The pre- and posttest questionnaire consisted of 41 variables related to identification of health disorders: musculoskeletal (15 items), integumentary (12 items), auditory (4 items), gastric (4 items), respiratory (3 items), and cardiovascular (3 items). The answers were given on a Likert Scale of five points, with the lowest being 0 (never feel/felt it) and the highest 4 (always feel/felt it). Thus, the maximum average of each block of questions was four.
2.4. Data Analysis
The Statistical Package for Social Sciences (SPSS) software Version 19.0 was used to organize and describe analysis of the data (first phase). Data from nursing socioenvironmental intervention (second phase) was presented using percentage, mean, and standard deviation (±SD). For paired samples analysis, were used student t test (). The Spearman correlation was used to analyse the intensity of the relation between the variable age, time of experience in welding, and self-reported health disorders by women apprentice welders before and after nursing socioenvironmental intervention.
The sample included 27 women apprentices enrolled on the technical programme for training as welders in Rio Grande, Rio Grande do Sul, Brazil. Their ages ranged from 18 to 56 years, with an average of 30.26 years (±8.39); 11 (40.7%) were ethnically white and 11 (40.7%) ethnically black; 19 (70.4%) were single; 14 (51.9%) had finished secondary school and 12 (44.4%) had no children (Table 2). Regarding time of experience in welding, 20 (74.1%) had none, 6 (22.2%) had experience, and one (3.7%) did not answer the question on experience. The average of time of experience ranged from 4 to 24 months, with a mean of 10.67 months (±7.52).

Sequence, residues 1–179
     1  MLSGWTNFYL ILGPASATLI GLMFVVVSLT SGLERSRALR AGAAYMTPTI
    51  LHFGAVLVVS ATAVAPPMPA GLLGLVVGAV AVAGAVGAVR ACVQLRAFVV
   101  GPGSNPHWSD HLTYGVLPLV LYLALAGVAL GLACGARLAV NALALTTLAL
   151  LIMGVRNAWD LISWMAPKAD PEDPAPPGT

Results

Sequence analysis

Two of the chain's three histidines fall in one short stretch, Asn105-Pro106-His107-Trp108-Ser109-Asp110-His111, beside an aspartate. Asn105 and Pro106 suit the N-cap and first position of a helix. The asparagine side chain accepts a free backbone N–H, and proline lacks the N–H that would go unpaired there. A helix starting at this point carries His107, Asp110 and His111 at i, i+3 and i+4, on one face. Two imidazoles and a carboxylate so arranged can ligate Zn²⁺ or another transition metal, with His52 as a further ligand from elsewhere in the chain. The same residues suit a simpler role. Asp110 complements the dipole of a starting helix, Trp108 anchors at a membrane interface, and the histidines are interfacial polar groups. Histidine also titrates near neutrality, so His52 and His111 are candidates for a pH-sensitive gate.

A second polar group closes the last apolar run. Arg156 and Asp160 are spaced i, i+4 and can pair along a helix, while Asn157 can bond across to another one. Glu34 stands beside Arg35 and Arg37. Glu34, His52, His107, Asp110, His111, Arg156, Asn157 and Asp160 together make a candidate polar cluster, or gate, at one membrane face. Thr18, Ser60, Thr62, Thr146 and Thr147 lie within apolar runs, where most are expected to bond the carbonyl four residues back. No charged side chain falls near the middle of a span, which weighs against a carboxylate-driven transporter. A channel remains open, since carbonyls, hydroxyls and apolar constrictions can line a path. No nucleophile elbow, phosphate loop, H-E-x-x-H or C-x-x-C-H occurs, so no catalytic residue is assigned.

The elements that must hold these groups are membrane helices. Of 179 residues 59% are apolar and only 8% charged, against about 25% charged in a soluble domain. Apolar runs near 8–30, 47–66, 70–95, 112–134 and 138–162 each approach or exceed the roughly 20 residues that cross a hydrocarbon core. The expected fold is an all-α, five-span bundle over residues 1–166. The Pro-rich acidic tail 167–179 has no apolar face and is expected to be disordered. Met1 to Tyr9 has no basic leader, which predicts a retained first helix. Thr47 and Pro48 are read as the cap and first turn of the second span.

The results of the questionnaire on risk perception in the welding apprenticeship environment showed that 26 (96.2%) women apprentice welders identified physical risks, 26 (92.2%) identified chemical risks, 24 (88.8%) physiological risks and 17 (62.9%) biological risks. Among the risk factors identified, the most frequent was the heat during welding activity and the presence of gases, cited by 21 (77.8%) women apprentice welders (Table 3).
Table 4 presents mean (±SD) identifying organic disorders in different times (before, after, and in relation to between before and after nursing socioenvironmental intervention). The musculoskeletal and integumentary systems had the highest averages, demonstrating greater identification of women apprentice welders about health disorders in these systems.